True, after Abbas went to the United Nations last November to upgrade the PA’s status in the General Assembly to that of a non-member state, Netanyahu unleashed the E-1 pawn and announced plans to build 5,000 residential units there.

So much for hot air.

Not a single house has been built there. In fact, Netanyahu inflicted an unannounced building freeze on almost all of Judea and Samaria until last month, one hour after Israel freed the second batch of terrorists in the four-step program to release 104 murderers in return for the privilege of officially arguing with the Palestinian Authority.

Netanyahu’s policy on E-1 sounds like a broken record.

In January 2009, Netanyahu secretly promised President Barack Obama and then-Secretary of State Hillary Clinton that Israel would not build in E-1, according to an Al Jazeera report in 2011.

Netanyahu, of course, denied the report, prompting Maaleh Adumim Mayor Kashriel to demand that the Prime Minister “order the defense minister to submit the master plan for the neighborhood immediately and progress with development on site, as former Prime Minister Ariel Sharon did during his tenure.”

Lapid Unintentionally Helps Right with Bid for ‘Interim PA Pact’

Monday, May 20th, 2013

Yair Lapid, Israel’s Finance Minister and head of Israel’s second largest political party, has unraveled U.S. Secretary of State John Kerry’s efforts to reincarnate the “peace process” before Kerry even packed his bags for another trip to Israel at the end of the week.

He told the Yediot Acharonot newspaper Sunday what everyone except Kerry and the European Union’s Catherine Ashton know – it is unrealistic even to think about a final stage peace agreement for the establishment of the Palestinian Authority as an independent country.

It is questionable if even Kerry’s boss, President Barack Obama, actually thinks an agreement is in the cards.

Maybe, just maybe, Obama has learned what Ronald Regan, Bill Clinton, and George W. Bush never seemed to grasp – the Palestinian Authority will make peace with Israel only when it is sure that the Jewish state’s future is doomed.

That is why PA Chairman Mahmoud Abbas refuses to budge on the Arab world’s dream to import several million Arabs to Israel, based on their claim that Israel is their home because their parents, grandparents, great-great parents and their dogs lived here.

The Oslo Accords, Clinton’s time bomb that fulfilled his promise to create a new Middle East, although not exactly the way he envisioned, provided for interim borders for a Palestinian Authority state, with final borders to be negotiated.

Bush’s Secretary of State Condoleezza Rice, in one of her many less enlightened moments, agreed that maybe it was best to simply skip over that little clause and go for broke.

And the “peace process’ since then indeed went broke.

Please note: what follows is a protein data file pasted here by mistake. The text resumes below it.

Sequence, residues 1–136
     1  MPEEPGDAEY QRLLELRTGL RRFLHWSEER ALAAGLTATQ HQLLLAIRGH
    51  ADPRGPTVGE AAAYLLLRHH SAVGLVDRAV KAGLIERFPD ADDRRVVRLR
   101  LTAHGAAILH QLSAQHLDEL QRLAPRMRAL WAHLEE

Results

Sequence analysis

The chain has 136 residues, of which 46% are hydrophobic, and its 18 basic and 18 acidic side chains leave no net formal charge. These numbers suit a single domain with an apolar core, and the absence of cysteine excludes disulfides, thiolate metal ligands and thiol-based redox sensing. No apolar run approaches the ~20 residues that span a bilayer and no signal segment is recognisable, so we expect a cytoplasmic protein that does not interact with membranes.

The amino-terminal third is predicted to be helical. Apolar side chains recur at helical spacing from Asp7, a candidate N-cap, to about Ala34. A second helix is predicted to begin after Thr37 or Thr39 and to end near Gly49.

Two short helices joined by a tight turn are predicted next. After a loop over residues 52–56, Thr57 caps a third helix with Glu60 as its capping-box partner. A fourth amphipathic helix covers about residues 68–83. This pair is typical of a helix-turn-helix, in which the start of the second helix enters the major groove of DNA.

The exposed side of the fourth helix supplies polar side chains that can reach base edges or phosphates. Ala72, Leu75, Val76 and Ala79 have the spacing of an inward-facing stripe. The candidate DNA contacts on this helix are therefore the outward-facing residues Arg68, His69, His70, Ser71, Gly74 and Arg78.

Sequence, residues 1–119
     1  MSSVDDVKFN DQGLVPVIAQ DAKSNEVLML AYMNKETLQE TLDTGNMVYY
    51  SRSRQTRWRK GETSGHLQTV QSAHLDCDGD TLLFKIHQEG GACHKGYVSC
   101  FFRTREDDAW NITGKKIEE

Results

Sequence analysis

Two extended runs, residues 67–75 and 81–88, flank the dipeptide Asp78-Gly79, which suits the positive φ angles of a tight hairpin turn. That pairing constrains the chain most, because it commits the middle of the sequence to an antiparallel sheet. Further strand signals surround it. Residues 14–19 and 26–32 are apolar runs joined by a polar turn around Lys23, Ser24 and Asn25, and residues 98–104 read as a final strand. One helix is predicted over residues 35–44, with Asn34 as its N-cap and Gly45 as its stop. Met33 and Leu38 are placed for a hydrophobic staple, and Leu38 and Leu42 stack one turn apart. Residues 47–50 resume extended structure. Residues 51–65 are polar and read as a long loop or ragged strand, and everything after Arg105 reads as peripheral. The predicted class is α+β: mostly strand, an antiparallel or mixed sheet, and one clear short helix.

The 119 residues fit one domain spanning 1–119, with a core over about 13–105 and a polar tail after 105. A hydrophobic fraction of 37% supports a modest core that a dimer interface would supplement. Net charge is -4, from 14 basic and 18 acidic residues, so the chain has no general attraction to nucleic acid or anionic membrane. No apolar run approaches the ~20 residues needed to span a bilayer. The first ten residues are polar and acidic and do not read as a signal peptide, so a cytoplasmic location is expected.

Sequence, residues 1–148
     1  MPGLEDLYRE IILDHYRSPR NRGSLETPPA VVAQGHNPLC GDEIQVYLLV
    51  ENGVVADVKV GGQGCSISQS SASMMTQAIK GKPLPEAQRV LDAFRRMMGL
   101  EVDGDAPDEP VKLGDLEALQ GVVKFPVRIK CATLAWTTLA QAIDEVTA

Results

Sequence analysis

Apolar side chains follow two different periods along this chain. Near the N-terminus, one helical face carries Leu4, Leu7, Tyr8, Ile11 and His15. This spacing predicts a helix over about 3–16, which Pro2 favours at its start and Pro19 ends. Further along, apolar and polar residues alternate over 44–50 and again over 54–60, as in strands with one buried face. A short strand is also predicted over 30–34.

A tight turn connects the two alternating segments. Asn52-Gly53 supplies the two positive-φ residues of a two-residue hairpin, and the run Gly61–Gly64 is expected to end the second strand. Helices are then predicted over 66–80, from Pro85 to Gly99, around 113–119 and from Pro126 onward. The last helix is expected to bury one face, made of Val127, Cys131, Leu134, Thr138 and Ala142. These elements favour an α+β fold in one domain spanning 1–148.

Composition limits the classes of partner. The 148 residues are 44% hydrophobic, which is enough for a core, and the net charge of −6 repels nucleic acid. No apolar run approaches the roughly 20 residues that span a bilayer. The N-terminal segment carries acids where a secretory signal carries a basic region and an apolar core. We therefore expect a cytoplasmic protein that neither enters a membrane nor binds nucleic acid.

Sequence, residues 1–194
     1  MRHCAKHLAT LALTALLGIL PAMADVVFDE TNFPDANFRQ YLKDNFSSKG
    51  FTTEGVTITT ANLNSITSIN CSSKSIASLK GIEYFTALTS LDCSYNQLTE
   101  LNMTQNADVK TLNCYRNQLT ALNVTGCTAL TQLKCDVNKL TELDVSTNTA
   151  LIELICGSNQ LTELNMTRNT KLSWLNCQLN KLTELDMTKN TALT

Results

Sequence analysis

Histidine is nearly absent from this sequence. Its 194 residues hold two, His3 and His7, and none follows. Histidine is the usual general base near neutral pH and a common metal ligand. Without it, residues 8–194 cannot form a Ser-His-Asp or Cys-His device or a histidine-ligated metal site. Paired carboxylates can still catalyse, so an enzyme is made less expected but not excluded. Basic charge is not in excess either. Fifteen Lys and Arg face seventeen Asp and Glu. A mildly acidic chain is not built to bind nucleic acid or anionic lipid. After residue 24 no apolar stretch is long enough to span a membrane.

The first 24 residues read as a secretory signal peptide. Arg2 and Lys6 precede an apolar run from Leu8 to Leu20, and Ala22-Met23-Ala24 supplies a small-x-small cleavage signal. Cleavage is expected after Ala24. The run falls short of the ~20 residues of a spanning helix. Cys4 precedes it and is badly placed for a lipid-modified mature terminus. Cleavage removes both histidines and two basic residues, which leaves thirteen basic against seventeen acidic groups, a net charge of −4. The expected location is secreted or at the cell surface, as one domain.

Correctly perceiving that there was no need to concede anything except uncertainty, Abbas re-defined the word “negotiations” to mean “you give and I take,” with the only undecided issue being the date that Israel will supposedly sign its own death certificate.

The term “interim agreement” is no where in his lexicon. It is buried deep, deep under the “peace process,” and here comes Lapid, the last hope for the center-left to keep those pesky national religious Jews from getting too uppity, to the rescue of the right wing nationalists.

He also displayed remarkable honesty and lack of tact at the same by stating that Abbas “is still not psychologically ready for an agreement with Israel, either partial or full.”

That is the kind of statement that sounds like it is right out of the mouth of Avigdor Lieberman, who was foreign minister before he was indicted six months ago for breach of public trust.

It did not take long for Abbas, through an aide,  to react to Lapid’s statements, which reflect either amazing naïveté for a former journalist or just plain stupidity.

“We have heard this idea before and rejected it simply because we know the intention of Israel is to continue building on Jerusalem and other parts of the West Bank,” stated Nimr Hamad, one of Abbas’ sages in Ramallah. Just in case Lapid does not understand, Hamad added that final borders are “the most important thing for us.”

With the United Nations General Assembly already having adopted a resolution recognizing the borders of a Palestinian Authority state exactly as Abbas wants them, talk of an interim agreement can only convince Abbas that Lapid is a nationalist is in disguise.

Lapid is part of an overwhelming majority of Israeli Jews who are not willing to hand over such areas as the Old City on Jerusalem to Abbas.

Abbas could save himself from virtually isolation by the Obama administration if he accepts the idea of interim borders, but to do so would be political suicide, if not a sign of a real-life death wish.

He has dug himself into a hole by promising and promising and promising the PA “street” that he will get everything he wants, lock, stock and barrel.